You can buy monthly service plans to maintain your lawn and clean your house. And you can pretty much do it without any help from a middleman. What about tending to your own health care in a similar way?

The concept of direct care, also known as “concierge” or “boutique” medicine, allows patients regular access to a physician in return for paying an annual or monthly retainer fee. Direct care actually originated in Seattle in the mid ’90s and spread around the nation before arriving in Spokane about 18 months ago.

Television may have helped publicize concierge medicine in a flashy USA Network TV series set in the Hamptons called Royal Pains, where fabulously wealthy patients pay big bucks for a private physician who makes house calls. That’s not exactly how it operates in real life in the Inland Northwest. Here, patients still visit doctors’ offices, and the fees are $39 to $69 a month.

So how can virtually unlimited doctor visits be so affordable?

“About 80 percent of [health care] a person will use in their life will be primary care,” says Brad Davis, the owner of On Stage Health, a company that helps facilitate direct care services for local physicians groups. “A program like this enables a person to go to a reputable physician or an established physician group and have an ongoing relationship.”

The On Stage Health website lists Rockwood Clinic, the Doctors’ Clinic of Spokane, Physicians Clinic of Spokane and Spokane Internal Medicine as the current options, with prices ranging from $29 to $35 a month for a child and $39 to $69 a month for adults, plus a $15 registration fee. If you drop out and want back in, it will cost you around $100 to re-enroll, depending on the plan. The Physician’s Clinic requires clients to obtain health insurance for services not included in their direct care plan.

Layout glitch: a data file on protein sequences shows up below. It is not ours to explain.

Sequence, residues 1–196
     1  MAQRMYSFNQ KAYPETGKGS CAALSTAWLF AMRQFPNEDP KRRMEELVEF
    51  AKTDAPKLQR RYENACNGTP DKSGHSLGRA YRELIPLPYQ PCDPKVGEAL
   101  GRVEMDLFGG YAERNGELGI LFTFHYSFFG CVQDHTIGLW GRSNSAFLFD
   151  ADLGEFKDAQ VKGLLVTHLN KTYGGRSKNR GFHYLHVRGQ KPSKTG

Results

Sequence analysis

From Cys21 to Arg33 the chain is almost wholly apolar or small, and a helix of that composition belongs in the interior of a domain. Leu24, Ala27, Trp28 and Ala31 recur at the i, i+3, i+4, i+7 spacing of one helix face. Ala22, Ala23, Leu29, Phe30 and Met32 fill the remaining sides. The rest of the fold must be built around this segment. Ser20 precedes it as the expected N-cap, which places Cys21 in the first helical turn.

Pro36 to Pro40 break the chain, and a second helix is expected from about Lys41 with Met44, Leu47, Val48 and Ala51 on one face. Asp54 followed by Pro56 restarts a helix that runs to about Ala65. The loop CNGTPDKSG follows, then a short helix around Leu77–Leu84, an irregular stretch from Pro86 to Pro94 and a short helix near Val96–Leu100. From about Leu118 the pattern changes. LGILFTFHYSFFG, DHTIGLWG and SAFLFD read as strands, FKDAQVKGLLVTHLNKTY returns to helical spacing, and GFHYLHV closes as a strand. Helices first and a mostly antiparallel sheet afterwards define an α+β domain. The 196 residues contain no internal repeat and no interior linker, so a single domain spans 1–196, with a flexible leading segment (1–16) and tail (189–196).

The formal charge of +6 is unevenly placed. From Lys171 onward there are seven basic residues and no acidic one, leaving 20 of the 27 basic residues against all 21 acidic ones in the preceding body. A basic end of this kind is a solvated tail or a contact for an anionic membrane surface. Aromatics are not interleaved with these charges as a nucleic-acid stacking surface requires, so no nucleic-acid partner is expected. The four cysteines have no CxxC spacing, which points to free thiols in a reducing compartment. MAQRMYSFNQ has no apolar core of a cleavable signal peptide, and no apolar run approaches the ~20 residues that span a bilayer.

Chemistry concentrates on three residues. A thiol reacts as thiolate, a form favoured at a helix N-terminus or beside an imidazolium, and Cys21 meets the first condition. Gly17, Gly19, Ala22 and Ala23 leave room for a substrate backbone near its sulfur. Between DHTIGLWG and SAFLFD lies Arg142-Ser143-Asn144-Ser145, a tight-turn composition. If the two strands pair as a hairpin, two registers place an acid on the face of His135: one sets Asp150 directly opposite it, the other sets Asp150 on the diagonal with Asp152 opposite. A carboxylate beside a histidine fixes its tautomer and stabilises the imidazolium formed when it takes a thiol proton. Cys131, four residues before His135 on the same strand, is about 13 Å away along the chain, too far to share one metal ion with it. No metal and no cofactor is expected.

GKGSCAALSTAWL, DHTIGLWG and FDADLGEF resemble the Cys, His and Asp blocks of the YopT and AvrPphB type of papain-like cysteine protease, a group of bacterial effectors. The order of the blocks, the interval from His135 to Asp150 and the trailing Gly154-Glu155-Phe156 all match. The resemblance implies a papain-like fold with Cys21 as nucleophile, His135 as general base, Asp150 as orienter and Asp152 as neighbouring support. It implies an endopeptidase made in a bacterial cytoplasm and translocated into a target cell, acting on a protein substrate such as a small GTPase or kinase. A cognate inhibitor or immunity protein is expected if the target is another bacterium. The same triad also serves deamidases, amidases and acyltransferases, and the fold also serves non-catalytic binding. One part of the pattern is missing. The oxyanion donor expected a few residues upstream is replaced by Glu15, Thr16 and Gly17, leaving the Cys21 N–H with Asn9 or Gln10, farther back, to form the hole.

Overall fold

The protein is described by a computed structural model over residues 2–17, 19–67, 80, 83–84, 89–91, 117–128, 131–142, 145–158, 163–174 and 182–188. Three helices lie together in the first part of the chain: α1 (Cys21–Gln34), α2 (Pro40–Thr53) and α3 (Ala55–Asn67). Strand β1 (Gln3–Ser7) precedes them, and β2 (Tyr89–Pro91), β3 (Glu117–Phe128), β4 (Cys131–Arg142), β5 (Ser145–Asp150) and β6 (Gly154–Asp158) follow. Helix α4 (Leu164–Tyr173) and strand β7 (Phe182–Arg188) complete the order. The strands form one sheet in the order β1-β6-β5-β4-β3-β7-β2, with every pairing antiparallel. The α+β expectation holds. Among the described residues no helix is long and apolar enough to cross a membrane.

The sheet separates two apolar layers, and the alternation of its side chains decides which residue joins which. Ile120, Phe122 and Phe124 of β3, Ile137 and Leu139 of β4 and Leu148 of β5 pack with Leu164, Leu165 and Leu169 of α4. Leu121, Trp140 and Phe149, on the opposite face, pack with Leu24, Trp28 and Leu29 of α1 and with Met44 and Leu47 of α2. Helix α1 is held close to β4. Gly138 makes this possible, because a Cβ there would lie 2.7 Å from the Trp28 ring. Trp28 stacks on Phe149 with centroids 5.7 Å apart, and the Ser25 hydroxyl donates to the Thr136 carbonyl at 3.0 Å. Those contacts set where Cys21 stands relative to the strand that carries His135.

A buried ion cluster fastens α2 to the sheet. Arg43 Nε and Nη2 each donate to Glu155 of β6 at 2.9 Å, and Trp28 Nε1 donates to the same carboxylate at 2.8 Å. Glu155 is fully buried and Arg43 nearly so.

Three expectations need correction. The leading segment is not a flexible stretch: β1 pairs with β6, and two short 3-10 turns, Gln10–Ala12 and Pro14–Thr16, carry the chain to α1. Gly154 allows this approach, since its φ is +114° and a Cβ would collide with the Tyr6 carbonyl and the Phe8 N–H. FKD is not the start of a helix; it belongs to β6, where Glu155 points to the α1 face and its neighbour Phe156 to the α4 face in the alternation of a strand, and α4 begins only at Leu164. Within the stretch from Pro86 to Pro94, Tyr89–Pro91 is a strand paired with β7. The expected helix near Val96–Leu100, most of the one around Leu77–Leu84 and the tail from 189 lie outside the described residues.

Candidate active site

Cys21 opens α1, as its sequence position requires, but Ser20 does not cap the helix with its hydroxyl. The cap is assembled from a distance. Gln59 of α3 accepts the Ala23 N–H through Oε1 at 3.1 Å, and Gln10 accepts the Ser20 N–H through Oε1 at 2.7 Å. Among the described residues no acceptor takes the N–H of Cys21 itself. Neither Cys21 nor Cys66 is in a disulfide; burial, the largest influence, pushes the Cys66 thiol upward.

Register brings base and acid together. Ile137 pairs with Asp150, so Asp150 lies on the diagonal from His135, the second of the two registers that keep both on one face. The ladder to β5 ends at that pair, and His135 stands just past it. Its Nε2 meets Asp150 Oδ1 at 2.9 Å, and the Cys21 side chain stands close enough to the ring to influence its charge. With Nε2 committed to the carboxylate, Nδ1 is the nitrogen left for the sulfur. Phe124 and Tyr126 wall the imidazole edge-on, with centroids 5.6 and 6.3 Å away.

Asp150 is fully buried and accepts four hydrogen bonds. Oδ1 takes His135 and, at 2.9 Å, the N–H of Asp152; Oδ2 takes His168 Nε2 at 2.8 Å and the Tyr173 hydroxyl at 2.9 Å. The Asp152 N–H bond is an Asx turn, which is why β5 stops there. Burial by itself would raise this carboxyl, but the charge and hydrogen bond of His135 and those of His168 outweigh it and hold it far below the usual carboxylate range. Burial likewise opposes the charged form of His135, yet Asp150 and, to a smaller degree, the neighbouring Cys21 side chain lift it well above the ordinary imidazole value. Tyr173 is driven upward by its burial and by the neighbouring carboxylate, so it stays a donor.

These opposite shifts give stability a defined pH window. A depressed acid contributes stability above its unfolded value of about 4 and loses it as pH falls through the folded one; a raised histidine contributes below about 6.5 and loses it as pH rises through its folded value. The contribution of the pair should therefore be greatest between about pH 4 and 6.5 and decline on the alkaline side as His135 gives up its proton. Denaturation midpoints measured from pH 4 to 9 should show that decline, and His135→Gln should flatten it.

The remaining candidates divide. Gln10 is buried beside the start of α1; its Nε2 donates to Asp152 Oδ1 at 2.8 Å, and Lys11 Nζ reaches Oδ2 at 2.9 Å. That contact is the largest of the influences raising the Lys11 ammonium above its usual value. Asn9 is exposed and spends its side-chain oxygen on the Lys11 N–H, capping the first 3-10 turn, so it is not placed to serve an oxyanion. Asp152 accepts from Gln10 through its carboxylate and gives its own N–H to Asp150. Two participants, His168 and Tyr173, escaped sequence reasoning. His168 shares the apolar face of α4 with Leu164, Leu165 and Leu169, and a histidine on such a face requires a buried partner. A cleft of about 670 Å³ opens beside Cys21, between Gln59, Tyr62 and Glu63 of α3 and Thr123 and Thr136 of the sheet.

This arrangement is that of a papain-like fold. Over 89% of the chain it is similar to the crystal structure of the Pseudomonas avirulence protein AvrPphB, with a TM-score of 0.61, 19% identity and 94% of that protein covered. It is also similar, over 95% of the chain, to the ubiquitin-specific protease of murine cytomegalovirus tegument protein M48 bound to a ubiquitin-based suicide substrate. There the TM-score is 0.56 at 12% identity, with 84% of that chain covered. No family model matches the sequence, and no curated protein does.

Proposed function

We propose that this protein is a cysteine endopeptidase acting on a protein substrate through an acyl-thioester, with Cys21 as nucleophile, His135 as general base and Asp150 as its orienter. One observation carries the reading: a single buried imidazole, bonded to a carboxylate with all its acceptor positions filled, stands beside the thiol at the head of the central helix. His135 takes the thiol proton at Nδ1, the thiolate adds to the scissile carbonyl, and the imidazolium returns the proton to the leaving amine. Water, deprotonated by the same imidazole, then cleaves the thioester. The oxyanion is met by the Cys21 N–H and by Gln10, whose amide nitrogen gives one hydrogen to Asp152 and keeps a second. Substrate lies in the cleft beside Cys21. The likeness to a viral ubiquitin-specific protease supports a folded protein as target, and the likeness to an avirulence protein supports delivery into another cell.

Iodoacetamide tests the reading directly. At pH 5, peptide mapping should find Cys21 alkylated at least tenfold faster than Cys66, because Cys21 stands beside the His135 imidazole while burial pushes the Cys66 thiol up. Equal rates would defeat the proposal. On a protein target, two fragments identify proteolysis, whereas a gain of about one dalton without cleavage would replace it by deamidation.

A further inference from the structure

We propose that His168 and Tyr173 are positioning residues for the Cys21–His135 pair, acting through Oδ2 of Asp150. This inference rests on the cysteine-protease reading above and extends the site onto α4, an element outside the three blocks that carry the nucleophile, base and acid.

Benefits vary among providers, but all provide annual physicals — sometimes including procedures like bone-density measurement and a cardiac stress test that might not be part of a standard physical — as well as preventive care, same- or next-day appointments for illnesses and injuries, and some degree of chronic disease management. Nutrition and diabetes education might also be included.

On Stage Health has been accepting enrollees since January, and Davis says the group has about 200 members so far. He says the program seems to be a good fit for people with spouses who have health insurance but can’t afford to cover the whole family, or for people between jobs.

Businesses are also finding creative ways to pair the service with traditional insurance. Davis says a company with about 40 employees came to him, wanting to pair direct care coverage with a highdeductible health insurance plan that could be accessed in cases of catastrophic illnesses.

“They were able to save about $18,000 a year,” he says. “Now the employees can go to primary care services with no co-pay and no deductible, where before they had each.”